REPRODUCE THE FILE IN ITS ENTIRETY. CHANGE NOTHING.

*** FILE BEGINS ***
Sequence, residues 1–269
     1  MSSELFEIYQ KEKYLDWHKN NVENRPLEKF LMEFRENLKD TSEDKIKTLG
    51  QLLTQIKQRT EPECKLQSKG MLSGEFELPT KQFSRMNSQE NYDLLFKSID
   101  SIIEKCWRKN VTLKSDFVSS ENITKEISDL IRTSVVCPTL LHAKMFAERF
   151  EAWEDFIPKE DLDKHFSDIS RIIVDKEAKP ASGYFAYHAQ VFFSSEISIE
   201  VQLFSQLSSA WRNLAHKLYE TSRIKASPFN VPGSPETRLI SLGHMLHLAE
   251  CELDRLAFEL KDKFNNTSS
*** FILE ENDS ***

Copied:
Sequence, residues 1–269
     1  MSSELFEIYQ KEKYLDWHKN NVENRPLEKF LMEFRENLKD TSEDKIKTLG
    51  QLLTQIKQRT EPECKLQSKG MLSGEFELPT KQFSRMNSQE NYDLLFKSID
   101  SIIEKCWRKN VTLKSDFVSS ENITKEISDL IRTSVVCPTL LHAKMFAERF
   151  EAWEDFIPKE DLDKHFSDIS RIIVDKEAKP ASGYFAYHAQ VFFSSEISIE
   201  VQLFSQLSSA WRNLAHKLYE TSRIKASPFN VPGSPETRLI SLGHMLHLAE
   251  CELDRLAFEL KDKFNNTSS